One year after the 2011 England Riots, what do we know?

The Equality Trust presents their digest of the causes of the riots.

Children and parents, personal resilience, hopes and dreams, the brands, the usual suspects, police and the public, community engagment, involvement and cohesion. What do these have in common? They were identified as key themes to address in the wake of the 2011 England Riots.

The Government-commissioned Riots, Communities and Victims Panel put the themes together. The Equality Trust’s Research Digest 5 (pdf), out today, reflects on the themes and summarises academic research on the relationship between the themes and income inequality:

• Children and parents: British epidemiologists Kate Pickett and Richard Wilkinson have explored the link between income inequality and the UNICEF index of child well-being. What they found is that where inequality is high, child well-being tends to be lower.

• Building personal resilience: Relative deprivation adds to the stresses of family and community life, so removing sources of resilience (pdf). Over time stresses accumulate, and resilence is often worn away.

• Hopes and dreams: In wealthy, market democracies, inequality is a good predictor of how likely it is that a person who is born poor will stay poor. As far as dreams go, if these do not match up to real prospects, it is easy to see why some young people would think that they have no stake in society. According to the OECD, social mobility is less likely in the UK than in any other wealthy country in the world. There are many possible reasons for this, including resource-rich neighbourhoods, good schools, better preparation for higher education, family and friend networks, and snobbery and prejudice – all of which are available differentially to certain groups in a more stratified society. Those born less lucky benefit less from good neighbourhoods, good schools, and family networks, so creating a stickiness of family background for the more disadvantaged that it difficult to escape.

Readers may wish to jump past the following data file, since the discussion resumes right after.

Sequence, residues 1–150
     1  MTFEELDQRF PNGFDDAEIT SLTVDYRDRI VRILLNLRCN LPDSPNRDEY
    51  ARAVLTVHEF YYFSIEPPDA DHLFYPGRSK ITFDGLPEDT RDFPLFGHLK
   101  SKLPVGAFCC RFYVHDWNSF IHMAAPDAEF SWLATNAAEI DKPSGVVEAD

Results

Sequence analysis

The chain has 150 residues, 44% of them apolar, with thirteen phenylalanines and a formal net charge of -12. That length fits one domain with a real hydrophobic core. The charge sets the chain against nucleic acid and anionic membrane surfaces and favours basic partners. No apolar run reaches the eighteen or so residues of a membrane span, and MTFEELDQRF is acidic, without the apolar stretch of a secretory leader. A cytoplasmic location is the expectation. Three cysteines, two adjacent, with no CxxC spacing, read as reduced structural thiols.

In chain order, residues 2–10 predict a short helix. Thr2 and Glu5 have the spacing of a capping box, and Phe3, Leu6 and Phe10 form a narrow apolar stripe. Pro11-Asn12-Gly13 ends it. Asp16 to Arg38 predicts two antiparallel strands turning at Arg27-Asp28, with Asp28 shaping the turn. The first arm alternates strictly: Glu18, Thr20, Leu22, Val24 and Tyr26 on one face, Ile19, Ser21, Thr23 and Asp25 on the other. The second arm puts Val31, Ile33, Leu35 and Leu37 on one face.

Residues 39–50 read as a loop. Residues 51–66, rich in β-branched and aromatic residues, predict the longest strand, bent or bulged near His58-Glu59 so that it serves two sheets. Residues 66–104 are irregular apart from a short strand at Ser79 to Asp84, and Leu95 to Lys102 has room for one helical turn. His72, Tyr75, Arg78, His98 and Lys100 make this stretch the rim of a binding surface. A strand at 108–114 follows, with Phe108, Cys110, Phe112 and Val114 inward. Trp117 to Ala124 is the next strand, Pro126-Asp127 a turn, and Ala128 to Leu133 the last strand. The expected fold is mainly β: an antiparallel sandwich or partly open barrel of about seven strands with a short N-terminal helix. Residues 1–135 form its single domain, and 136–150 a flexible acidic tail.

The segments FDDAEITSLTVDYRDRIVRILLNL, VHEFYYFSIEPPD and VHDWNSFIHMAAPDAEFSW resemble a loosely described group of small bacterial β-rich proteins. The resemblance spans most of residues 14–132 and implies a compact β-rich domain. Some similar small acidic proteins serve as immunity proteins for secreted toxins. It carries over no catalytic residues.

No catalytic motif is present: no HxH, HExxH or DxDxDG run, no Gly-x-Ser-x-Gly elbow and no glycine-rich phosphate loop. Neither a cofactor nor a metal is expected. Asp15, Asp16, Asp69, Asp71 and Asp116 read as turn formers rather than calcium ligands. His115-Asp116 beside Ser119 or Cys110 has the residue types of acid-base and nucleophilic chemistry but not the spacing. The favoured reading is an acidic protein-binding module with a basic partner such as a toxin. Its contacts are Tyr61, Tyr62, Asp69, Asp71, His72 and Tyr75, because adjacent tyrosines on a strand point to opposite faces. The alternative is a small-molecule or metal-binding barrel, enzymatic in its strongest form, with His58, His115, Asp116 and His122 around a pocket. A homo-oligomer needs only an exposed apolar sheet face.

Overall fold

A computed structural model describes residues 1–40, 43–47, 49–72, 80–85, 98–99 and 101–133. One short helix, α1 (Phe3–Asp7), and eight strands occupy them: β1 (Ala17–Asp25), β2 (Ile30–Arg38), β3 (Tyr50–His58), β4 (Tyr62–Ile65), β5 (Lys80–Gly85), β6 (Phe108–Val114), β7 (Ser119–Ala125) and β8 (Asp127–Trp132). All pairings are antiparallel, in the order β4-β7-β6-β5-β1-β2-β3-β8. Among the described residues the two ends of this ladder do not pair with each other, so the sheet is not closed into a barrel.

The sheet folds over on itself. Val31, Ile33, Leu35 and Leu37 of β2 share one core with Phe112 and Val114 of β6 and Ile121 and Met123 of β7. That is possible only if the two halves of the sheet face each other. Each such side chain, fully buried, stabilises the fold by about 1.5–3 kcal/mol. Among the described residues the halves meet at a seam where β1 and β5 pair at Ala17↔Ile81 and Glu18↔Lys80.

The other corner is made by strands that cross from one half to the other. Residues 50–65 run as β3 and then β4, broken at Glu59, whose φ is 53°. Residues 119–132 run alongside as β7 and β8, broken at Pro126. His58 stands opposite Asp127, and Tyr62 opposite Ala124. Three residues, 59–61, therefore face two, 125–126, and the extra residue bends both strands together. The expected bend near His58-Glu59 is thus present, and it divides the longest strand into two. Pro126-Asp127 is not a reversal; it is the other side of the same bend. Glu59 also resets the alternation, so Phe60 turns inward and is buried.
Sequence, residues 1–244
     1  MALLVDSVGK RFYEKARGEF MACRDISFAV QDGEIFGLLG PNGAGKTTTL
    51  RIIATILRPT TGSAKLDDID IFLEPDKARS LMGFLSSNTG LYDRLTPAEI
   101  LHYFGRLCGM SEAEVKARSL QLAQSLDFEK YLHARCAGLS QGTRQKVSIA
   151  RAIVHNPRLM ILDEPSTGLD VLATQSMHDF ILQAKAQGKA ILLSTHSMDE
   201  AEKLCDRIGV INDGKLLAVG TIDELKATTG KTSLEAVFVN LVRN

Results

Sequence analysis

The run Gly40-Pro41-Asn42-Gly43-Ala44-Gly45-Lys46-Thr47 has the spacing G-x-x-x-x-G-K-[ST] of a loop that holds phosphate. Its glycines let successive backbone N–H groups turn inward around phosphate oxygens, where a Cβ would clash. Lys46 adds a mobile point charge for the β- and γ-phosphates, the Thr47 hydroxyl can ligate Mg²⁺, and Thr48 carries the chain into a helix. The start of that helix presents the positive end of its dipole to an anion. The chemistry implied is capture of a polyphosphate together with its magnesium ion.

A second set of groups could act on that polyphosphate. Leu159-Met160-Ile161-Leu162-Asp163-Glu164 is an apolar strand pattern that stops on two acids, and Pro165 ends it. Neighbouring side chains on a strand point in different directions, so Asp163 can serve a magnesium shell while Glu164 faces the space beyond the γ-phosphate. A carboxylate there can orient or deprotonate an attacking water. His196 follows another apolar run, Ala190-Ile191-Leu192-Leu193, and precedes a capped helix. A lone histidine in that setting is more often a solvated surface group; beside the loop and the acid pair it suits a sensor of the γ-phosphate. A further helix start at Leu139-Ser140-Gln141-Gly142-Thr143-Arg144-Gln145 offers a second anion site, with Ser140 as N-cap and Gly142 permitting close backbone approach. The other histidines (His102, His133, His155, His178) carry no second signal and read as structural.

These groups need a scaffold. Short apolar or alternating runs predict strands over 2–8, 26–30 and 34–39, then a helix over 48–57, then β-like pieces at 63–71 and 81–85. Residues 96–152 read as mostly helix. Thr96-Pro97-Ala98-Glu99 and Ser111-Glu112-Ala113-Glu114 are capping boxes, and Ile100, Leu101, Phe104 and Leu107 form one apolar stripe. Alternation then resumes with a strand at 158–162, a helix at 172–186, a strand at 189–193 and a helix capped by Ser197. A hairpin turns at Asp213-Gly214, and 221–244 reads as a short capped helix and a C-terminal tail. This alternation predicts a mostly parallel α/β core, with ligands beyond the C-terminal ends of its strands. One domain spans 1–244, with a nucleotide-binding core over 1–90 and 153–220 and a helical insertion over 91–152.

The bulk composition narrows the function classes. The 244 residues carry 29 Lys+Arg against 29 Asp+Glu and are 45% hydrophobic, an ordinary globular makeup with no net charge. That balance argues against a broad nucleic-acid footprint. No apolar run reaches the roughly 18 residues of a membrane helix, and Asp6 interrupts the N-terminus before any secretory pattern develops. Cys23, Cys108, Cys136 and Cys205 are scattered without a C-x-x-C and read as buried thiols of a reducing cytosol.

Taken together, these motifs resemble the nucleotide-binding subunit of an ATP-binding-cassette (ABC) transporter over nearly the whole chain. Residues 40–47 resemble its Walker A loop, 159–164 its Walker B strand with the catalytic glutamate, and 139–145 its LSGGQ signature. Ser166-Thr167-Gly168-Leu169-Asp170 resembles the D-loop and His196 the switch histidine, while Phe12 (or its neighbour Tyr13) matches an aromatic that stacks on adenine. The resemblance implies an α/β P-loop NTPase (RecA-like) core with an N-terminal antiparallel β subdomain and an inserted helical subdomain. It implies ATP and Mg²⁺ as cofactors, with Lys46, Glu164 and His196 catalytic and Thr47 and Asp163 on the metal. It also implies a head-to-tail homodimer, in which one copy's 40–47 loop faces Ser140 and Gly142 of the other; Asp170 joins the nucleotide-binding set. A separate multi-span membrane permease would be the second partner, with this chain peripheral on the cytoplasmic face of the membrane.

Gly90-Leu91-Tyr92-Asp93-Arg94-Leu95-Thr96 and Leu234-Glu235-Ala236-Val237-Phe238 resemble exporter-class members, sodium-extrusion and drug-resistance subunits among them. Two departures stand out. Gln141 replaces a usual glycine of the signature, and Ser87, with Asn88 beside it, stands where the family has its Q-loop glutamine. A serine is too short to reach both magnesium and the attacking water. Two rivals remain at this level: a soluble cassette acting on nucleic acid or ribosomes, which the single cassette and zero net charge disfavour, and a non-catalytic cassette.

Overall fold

• The brands: Relative deprivation has been linked to conspicuous consumption and consumerism.

• The usual suspects [criminality]: Crime, including violent and acquisitive crime, has been linked to inequality—in multiple contexts and through multiple methodologies (pdf).

• Police and the public: Where inequality is high, there is evidence that there is more deadly use of force on the part of police. One young person from Tottenham commented:

“Police need to be more open. Just a short statement after Mark Duggan’s death would have helped. And if any police officer does anything wrong they should be dealt with. Need to show that they are not above the law themselves. We need to be able to trust them.” (Young person, Tottenham, National Centre for Social Research).

• Community engagement, involvement and cohesion: From the World Values Survey there is evidence that inequality reduces social cohesion, weakens community life and lowers levels of trust.

On the first anniversary of the England Riots of 2011, it is useful to reflect on our society and the outbreak of riots one year ago, in August. According to the Equality Trust’s report, income inequality affects starting points (children and parents), trajectories (personal resilience, hopes and dreams) and outcomes (consumerism, violent crime and excessive force by police). The Digest concludes that, if we want to foster a cohesive, shared society, we should be aiming for a less stratified society, with high levels of trust and strong communities.